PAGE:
Reviewing UK politics in 2019 – Brexit means ???

2019 has been a rollercoaster of a year in UK politics. There have been several themes throughout the year, including Brexit, the environment, the NHS, the General Election and the nature of the political debate. In the first of this series, the focus is on Brexit.

The B-word has dominated the conversation. The year began with the UK due to leave the European Union in March 2019, which was then gradually pushed as far as January 31st 2020. It has also claimed one Prime Minister in the process. After unsuccessfully getting her deal through Parliament three times, beset with difficulties from her party and others, Theresa May called it a day and Boris Johnson took over in a generally predictable Conservative leadership contest.

Johnson then faced challenges of his own and was able to negotiate a “better” deal (one that economic forecasts show is probably going to be worse). This deal faced challenges of its own, and although it passed its first stage in Parliament without an election, Johnson refused to give sufficient time for scrutiny and had to extend the Brexit deadline – something he promised would not happen.

Looking more deeply at this, there is a sense of weariness towards Brexit, as it has been all that many news outlets and commentators appear to have talked about. Many may have decided that the most expedient way to escape it is by accepting a less than ideal deal which was negotiated in a matter of weeks. Furthermore, this focus on Brexit has happened at the expense of other pressing concerns such as the environment and the health service.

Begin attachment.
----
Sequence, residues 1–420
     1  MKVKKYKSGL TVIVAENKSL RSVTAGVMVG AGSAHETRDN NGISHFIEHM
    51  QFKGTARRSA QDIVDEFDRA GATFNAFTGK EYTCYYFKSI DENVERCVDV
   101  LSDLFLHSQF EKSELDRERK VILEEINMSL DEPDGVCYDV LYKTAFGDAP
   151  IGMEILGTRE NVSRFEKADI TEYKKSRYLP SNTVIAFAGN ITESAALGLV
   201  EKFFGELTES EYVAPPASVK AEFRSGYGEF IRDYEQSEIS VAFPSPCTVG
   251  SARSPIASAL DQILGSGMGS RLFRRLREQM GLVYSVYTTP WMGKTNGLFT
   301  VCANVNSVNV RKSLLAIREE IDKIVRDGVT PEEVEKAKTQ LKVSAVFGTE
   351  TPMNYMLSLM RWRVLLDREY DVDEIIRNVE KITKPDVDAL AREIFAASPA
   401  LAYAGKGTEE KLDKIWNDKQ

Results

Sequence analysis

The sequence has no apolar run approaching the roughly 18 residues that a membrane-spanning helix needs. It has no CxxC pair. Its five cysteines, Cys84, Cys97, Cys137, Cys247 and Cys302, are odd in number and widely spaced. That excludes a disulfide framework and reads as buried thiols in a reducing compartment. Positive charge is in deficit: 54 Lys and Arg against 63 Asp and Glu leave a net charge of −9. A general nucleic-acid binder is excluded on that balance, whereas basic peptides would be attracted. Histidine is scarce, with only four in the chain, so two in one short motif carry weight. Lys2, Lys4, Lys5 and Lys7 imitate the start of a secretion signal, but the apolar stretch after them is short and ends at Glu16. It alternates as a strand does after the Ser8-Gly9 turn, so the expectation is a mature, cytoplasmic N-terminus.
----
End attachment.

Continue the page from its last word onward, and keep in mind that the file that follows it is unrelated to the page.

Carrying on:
It has also highlighted difficulties among all of the political parties. On the left, Labour has struggled to balance the coalition of voters it had come to rely on since the late 90s, and this led to an ill-conceived policy around a final say referendum that engaged one part of this coalition and switched off another who associated this with further delay.

In the centre, the Liberal Democrats sought to stand out by proclaiming “Bollocks to Brexit”, which made many question the “Democrat” part of their party nomenclature. This illustrates the problems of implementing a direct democracy decision (i.e. a referendum) with representative democracy (i.e. Parliament).

On the right, the Conservatives were under pressure from The Brexit Party to move their policy positions and after the European elections knew something had to change, given the success of Farage’s new organisation. It also really started to draw attention to dissension within Conservative ranks, and this was most profound when working out a solution to the Irish border, where the belligerent European Research Group refused to back any deal without approval from the Democratic Unionist Party.

In 2020, far from Brexit being signed, sealed and delivered on the 31st January, the second, more complicated stage of talks begins to establish the future relationship between the UK and EU. The deadline is tight, with Boris Johnson claiming that there will be a deal finalised before the year is out. Yet, most experts doubt this is possible, given the immense scale of regulations, logistics and EU/UK procedure. It also raises the prospect of a so-called “clean break” WTO-rule Brexit rearing its head again. The Prime Minister could be on a course to disappoint the voters who “lent” him their trust by not acknowledging the gargantuan effort required.